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SHONA ROBISON SPEAKS OUT ON HOMELESSNESS
12 Dec 2018
Speaking in the Scottish Parliament debate on homelessness on Thursday, Shona Robison, SNP MSP for Dundee City East, highlighted the negative impact of Universal Credit on homelessness, especially for women in abusive relationships. She also praised the continuing work of the Scottish Government, local authorities and third sector organizations across Scotland and in Dundee on stopping homelessness.
Acknowledging the many challenges to ending homelessness in Scotland, Robison noted the admirable work of Shelter Scotland and their important role in preventing and stopping homelessness. Shelter Scotland turned 50 years old this year, and Robison recently met with Shelter Scotland in Dundee to discuss challenges they still face fighting homelessness in Dundee.
Shona Robison expressly singled out two of those remaining obstacles to stopping homelessness: Universal Credit and domestic violence.
In Dundee, people on Universal Credit owe on average £200 more in rent arrears than those on other benefits.
And Robison additionally highlighted the lack of split payments on Universal Credit unless one requests them through a process for getting alternative arrangements. By sending the payments to one account instead of splitting it between a couple, Robison argued that this facilitates financial abuse in abusive relationships. By allowing the housing benefits to be in the hands of an abusive partner, this can put victims of abuse in a precarious housing position.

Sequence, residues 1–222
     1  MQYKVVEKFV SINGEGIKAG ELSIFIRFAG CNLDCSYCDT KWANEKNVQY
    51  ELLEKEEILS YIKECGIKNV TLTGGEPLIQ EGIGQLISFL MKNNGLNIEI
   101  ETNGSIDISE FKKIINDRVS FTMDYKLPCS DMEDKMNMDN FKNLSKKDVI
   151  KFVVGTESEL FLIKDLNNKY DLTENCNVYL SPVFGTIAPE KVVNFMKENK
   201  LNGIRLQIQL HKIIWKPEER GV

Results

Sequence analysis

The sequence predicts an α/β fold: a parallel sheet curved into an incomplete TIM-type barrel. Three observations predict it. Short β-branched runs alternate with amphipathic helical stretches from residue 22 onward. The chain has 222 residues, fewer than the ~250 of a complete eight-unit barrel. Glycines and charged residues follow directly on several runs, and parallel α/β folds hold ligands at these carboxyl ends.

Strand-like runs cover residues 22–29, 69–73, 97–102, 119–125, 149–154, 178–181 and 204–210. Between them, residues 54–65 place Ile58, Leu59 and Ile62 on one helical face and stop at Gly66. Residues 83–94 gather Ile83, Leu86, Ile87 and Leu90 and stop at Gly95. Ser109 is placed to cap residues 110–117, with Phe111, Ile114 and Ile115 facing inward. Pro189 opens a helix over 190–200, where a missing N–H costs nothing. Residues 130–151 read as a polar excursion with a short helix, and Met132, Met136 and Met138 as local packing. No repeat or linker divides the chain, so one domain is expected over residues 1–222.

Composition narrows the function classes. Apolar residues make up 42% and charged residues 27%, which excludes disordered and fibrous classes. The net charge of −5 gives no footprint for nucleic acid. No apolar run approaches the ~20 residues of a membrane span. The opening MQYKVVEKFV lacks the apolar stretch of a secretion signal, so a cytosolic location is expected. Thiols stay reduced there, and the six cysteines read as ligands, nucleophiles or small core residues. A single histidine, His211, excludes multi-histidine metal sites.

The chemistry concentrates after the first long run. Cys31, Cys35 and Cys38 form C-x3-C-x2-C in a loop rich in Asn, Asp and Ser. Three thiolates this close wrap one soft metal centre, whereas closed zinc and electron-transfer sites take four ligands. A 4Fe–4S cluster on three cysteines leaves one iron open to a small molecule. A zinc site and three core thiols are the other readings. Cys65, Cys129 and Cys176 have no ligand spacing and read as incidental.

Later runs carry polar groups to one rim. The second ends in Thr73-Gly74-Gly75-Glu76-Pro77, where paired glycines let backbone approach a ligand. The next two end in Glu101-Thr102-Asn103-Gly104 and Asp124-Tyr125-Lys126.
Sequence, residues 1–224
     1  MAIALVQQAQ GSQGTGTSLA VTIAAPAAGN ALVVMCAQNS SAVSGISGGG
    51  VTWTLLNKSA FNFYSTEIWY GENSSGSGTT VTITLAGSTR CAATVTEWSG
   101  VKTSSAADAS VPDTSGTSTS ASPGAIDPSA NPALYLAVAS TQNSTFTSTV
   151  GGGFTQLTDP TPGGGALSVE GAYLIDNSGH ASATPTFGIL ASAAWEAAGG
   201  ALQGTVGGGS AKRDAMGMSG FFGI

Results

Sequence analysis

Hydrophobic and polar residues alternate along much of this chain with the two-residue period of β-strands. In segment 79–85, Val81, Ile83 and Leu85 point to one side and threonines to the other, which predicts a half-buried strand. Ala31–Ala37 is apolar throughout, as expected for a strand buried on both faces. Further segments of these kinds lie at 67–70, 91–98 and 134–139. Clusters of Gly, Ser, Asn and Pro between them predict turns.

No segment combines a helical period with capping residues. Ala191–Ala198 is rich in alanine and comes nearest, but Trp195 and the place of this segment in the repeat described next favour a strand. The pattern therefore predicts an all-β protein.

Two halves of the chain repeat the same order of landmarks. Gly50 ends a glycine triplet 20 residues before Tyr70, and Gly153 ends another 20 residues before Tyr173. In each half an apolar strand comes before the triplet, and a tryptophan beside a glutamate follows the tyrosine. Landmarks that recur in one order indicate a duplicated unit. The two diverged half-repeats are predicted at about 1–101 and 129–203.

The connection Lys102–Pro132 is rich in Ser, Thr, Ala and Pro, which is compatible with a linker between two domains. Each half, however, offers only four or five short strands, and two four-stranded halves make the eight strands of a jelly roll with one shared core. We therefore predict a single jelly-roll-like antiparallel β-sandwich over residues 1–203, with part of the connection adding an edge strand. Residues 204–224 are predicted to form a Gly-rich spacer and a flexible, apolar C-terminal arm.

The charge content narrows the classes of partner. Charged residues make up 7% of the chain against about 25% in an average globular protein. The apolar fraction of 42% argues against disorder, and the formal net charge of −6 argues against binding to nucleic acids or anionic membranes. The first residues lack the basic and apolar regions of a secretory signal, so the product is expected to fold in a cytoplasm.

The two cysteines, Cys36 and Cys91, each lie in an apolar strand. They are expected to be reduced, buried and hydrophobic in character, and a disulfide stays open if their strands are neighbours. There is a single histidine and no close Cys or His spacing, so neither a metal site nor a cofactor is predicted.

Domestic violence or an abusive relationship is the largest reason women give for making a homelessness application, according to Scottish Women’s Aid.
Speaking in the debate, Robison said:
“Shelter Scotland is turning 50 this year and I recently met with Shelter Scotland in Dundee to discuss issues still remaining on their 50th anniversary. By providing advice and support they help thousands of people across Scotland every year.”
“Many Scots have been hit hard by Universal Credit. Benefit cuts, sanctions, long waiting periods, all make it hard for people to get by, putting pressure on many to balance housing costs with other necessities.”
“We have to listen to the overwhelming evidence that this failed system is pushing people out of their homes, into the houses of friends, into hostels or onto the streets.”
“While there is more to be done, by acknowledging and planning to address problems we can start to work towards a better future, where everyone has a safe affordable home.”